A Look At How Much VMware Left On The Table
from the ipo-madness dept
Back during the dot com bubble when startups with no track record were going public on a regular basis with huge first day pops in stock prices, it got many people thinking that such first day jumps were a good sign. In fact, some companies bragged about having the largest first day jump. We haven’t seen much of that lately, but it may be coming back after VMware’s public offering. VMware shares priced at the top of their range at $29/share, but opened this morning at a whopping $52/share. VMware, of course, was supposed to have been one of the potential hot IPOs in the class of 2004, but decided to accept a buyout offer from EMC instead. This turned out to be a great decision, as the company has grown a tremendous amount under EMC, and today’s IPO is for a much more substantial VMware than we would have seen three years ago.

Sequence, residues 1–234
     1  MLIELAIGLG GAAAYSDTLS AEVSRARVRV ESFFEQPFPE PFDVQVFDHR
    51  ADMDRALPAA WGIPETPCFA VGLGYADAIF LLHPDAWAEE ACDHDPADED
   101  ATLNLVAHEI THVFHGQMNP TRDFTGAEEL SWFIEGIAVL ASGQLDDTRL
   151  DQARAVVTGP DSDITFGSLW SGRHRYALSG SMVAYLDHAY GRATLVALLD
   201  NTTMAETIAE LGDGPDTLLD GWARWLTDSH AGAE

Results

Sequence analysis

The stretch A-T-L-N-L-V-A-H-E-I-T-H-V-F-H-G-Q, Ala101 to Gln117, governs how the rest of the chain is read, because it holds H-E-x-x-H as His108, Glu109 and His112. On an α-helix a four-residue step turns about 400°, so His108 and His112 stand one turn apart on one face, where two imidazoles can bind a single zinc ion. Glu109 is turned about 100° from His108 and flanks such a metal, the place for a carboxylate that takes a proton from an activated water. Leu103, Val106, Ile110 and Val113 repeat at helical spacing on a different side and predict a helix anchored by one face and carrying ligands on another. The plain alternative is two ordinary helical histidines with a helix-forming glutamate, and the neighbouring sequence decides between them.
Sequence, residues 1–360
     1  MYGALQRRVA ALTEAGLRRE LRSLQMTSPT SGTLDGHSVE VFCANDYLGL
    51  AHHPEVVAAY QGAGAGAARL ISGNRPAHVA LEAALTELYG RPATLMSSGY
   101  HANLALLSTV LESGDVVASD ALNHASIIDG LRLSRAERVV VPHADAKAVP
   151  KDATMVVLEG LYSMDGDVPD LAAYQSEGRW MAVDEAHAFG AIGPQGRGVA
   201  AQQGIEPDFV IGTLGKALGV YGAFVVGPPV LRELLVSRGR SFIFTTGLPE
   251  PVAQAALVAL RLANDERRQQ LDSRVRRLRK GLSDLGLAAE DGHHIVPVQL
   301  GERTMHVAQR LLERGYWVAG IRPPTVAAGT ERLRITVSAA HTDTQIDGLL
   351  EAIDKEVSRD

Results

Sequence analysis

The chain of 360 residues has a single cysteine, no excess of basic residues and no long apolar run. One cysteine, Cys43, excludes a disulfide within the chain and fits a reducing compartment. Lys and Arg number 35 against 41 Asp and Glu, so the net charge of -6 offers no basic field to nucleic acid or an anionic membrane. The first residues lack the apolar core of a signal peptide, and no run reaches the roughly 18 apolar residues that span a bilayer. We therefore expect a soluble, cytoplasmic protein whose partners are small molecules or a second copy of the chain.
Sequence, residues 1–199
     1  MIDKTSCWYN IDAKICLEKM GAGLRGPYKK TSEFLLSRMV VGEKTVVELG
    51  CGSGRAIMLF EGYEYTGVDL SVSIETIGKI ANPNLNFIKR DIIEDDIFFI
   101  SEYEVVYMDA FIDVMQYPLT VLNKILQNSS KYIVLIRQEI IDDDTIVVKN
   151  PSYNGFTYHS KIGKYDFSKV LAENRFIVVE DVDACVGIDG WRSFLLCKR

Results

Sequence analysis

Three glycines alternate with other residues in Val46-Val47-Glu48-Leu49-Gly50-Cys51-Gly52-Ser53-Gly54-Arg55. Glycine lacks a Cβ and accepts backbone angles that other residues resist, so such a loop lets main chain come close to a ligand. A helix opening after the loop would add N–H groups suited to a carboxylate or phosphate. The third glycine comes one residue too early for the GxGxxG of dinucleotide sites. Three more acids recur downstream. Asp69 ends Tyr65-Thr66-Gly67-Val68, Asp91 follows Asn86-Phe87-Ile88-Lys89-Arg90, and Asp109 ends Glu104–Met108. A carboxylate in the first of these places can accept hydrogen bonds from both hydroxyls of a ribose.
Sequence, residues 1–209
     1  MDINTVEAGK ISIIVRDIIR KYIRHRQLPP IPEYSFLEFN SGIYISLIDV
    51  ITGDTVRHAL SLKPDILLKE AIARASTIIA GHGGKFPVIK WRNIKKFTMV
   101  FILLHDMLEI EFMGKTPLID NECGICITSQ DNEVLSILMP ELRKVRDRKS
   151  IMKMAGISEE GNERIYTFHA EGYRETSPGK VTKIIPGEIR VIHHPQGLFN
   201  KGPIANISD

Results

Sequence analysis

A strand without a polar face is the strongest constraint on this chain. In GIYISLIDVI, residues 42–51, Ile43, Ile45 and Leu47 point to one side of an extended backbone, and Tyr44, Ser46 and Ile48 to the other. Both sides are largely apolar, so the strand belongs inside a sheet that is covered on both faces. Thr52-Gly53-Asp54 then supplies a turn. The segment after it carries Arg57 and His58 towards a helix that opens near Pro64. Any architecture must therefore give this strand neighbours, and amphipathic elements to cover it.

However, since there are plenty of folks who probably weren’t around during the last bubble to learn this lesson, it’s important to remind everyone why first day stock pops like VMware’s are not a good thing, and certainly not something worth bragging about. The difference in price is actually an indication of how much money VMware left on the table. Yes, the company raised nearly a billion dollars by selling shares at $29, but it missed out on the money it could have taken if the shares had been priced closer to the $52 the market has clearly valued its shares at. In other words, it sold all those shares at about 55% of what the market valued the company at. Not such a great thing to brag about now. Of course, there are some advantages to having the first day pop. It does act as a PR mechanism, and it certainly does bode well for VMware if they want to sell more shares to raise more money. However, right now, it certainly looks like the company left approximately $750 million on the table that was snapped up by those trading the stock, rather than the company itself.